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SPJ joins lawsuit against communications decency act

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The national Society of Professional Journalists has joined a lawsuit challenging the Communications Decency Act of 1996, part of the comprehensive telecommunications reform.

The act would impose a fine of up to $250,000 per violation and a prison term of up to two years for anyone convicted of disseminating indecent information on the Internet or on-line services where it could be accessed by minors.

SPJ has become a plaintiff in a lawsuit filed Monday, Feb. 26, by the American Library Association, America Online, and the Center for Democracy and Technology.

Other media groups involved in the challenge are the American Society of Newspaper Editors; Newspaper Association of America; Association of Publishers, Editors and Writers; and the Association of American Publishers.

The case is pending in U.S. District Court in Philadelphia.

The lawsuit is likely to be consolidated with a pending challenge already filed by the American Civil Liberties Union and other groups.

"There are other ways to block pornography from children other than resorting to censorship," said SPJ President G. Kelly Hawes.

For journalists, the act will infringe on classic press freedoms based solely on the medium in which the content is printed.

A print story that is published through an on-line source, for example, would be subject to censorship simply because it is in an electronic format. A print story would not be so censored. Different versions of stories would have to be prepared for dissemination.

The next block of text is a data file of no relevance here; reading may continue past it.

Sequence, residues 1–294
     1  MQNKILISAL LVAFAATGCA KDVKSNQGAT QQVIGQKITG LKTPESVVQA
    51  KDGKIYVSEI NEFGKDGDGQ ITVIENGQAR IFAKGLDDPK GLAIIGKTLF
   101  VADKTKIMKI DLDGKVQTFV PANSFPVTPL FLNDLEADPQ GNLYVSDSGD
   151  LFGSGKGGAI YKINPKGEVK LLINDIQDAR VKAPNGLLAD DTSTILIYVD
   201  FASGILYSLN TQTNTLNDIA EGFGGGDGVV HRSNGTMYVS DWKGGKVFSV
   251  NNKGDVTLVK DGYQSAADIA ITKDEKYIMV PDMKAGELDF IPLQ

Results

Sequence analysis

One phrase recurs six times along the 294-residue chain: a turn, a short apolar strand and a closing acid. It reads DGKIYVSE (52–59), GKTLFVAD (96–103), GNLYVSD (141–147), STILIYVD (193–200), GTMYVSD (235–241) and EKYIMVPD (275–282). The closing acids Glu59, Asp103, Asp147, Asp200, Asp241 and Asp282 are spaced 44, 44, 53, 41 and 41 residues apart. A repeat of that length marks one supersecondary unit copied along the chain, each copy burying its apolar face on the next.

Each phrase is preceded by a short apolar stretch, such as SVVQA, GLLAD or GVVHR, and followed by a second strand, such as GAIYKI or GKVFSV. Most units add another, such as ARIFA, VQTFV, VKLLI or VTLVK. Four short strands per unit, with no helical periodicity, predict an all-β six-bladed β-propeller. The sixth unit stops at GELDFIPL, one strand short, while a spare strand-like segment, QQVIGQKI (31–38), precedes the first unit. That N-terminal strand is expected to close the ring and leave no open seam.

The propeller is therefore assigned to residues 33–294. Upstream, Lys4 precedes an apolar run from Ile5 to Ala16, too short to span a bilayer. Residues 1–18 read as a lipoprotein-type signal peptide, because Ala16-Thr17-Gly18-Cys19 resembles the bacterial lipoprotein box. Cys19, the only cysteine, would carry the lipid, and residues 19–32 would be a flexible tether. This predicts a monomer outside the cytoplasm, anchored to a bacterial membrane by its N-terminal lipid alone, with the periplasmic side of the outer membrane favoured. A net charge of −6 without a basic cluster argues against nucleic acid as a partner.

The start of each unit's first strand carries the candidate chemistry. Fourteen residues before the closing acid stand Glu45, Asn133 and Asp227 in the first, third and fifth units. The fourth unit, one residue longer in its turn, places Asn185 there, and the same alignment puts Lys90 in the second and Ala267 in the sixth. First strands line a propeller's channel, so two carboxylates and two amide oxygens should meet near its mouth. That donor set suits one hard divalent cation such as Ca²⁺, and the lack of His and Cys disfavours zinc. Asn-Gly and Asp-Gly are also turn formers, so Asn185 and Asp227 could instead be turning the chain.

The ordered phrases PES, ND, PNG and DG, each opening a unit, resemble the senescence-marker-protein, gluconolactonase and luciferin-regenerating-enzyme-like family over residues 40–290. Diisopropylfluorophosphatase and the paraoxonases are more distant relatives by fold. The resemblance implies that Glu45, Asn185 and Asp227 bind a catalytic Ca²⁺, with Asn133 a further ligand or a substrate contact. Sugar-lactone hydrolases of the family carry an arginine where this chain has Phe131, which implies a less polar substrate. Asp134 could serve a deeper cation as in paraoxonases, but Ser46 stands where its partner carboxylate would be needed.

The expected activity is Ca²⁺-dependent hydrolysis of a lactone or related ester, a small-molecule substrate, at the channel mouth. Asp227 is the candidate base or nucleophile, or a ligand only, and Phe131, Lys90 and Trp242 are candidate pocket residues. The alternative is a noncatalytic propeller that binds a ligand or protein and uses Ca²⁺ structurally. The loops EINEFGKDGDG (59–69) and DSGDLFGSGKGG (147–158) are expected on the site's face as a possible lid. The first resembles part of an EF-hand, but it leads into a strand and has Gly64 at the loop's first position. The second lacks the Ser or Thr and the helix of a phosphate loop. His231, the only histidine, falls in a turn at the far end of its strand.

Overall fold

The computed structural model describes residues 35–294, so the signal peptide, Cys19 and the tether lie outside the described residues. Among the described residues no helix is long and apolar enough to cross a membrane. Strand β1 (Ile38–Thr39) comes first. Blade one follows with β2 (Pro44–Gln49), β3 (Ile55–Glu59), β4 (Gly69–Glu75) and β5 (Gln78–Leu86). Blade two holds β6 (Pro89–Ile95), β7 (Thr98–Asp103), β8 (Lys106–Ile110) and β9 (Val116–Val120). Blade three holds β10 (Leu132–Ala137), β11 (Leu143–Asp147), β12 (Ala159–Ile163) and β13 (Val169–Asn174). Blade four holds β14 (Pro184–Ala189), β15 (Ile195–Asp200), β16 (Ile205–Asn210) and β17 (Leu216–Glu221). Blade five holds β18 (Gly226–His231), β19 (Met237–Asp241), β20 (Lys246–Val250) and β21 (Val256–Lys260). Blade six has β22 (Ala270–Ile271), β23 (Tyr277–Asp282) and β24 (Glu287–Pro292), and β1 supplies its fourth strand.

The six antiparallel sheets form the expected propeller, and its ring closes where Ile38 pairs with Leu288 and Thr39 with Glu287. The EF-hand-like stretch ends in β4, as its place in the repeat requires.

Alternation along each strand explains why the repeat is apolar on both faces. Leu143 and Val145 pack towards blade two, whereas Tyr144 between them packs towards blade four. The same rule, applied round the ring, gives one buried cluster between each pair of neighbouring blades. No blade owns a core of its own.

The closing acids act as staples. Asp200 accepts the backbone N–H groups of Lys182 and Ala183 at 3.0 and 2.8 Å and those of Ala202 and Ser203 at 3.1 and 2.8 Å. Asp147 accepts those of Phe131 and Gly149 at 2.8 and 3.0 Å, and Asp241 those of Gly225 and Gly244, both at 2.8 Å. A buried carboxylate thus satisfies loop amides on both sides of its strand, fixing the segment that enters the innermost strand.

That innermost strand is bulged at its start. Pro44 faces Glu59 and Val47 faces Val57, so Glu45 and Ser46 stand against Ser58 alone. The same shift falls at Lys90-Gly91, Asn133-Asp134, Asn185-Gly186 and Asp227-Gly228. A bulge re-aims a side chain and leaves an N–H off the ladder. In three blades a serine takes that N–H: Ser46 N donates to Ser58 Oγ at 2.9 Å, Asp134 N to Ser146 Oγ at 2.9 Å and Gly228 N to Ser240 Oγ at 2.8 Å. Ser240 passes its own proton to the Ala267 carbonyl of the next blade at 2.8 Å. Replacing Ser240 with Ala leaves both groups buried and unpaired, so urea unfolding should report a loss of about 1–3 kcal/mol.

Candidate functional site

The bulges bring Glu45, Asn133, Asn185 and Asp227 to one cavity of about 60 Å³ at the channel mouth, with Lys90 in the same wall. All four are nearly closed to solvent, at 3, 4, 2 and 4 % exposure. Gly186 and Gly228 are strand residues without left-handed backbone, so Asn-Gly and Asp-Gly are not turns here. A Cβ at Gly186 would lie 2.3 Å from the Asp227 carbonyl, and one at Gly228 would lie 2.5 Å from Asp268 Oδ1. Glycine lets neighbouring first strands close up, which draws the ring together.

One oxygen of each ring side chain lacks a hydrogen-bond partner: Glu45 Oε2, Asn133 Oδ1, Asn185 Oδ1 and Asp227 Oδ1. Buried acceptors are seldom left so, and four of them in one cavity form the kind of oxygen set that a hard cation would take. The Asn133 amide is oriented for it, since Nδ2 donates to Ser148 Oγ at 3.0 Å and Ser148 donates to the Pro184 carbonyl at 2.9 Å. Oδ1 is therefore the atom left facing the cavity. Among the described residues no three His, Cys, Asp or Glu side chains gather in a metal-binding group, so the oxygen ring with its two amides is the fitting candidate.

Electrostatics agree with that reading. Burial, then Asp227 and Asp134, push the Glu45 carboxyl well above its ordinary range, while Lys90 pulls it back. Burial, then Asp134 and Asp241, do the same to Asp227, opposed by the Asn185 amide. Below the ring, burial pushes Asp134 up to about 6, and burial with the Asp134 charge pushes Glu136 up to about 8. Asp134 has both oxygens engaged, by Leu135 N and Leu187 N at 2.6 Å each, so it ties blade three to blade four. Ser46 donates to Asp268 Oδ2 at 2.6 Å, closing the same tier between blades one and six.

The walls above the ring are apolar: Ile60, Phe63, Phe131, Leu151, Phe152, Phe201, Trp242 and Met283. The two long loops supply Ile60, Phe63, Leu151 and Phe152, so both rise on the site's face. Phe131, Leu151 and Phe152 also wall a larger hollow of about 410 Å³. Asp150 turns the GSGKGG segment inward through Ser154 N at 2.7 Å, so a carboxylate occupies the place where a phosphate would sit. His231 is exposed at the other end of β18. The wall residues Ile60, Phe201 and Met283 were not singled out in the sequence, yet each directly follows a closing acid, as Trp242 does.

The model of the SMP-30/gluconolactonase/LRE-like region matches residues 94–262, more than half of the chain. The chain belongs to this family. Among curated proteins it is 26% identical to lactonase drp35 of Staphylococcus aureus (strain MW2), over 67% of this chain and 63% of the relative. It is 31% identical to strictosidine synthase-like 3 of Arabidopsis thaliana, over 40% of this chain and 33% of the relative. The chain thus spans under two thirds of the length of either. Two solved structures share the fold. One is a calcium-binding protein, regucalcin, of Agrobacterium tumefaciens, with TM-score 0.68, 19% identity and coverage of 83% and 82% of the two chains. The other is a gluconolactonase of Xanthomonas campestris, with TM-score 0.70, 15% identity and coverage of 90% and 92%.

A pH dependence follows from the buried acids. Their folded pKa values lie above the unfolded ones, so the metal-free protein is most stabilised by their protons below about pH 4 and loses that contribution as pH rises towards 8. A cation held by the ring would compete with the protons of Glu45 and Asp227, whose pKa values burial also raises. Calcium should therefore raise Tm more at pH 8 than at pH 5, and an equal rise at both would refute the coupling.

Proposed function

Publishers and journalists will now have to scrutinize any articles for "indecent" content.

SPJ believes that the act will not accomplish the goals of protecting the nation's children.

"The act is a false promise because it deludes parents into the false hope that government can protect their children from sexually explicit material," said SPJ's First Amendment Counsel Bruce Sanford.

The government does many things well and some things not so well. One of the things government does most poorly is to try to regulate the editorial content of any medium," said Sanford.

"Technology, including software programs that can block adult sexually explicit material, is a parent's true friend, but that has not stopped Congress from pandering to parental fears."

The computer age has also brought various ways for parents to protect their children from what is considered to be inappropriate material.

Plaintiffs believe the indecency ban reaches far beyond already sexually-explicit materials to legitimate information and education activities such as public health, artistic, literary, and political communications.

For example:

Every World Wide Web site which allows users to post comments;

Breast cancer education organizations -- especially self-exam instructions;

Museums that carry works of art with nudes and references to sexual activity;

Libraries with digitized collections accessible on the Internet;

Schools and universities that provide Usenet or World Wide Web access to students under age 18.

The U.S. Justice Department has agreed not to investigate or prosecute anyone for suspected violations of the law until the court issues its ruling sometime after government lawyers present their case on April 11 and 12.

On March 21 and 22, plaintiffs in the two lawsuits will present evidence before a three-judge panel.

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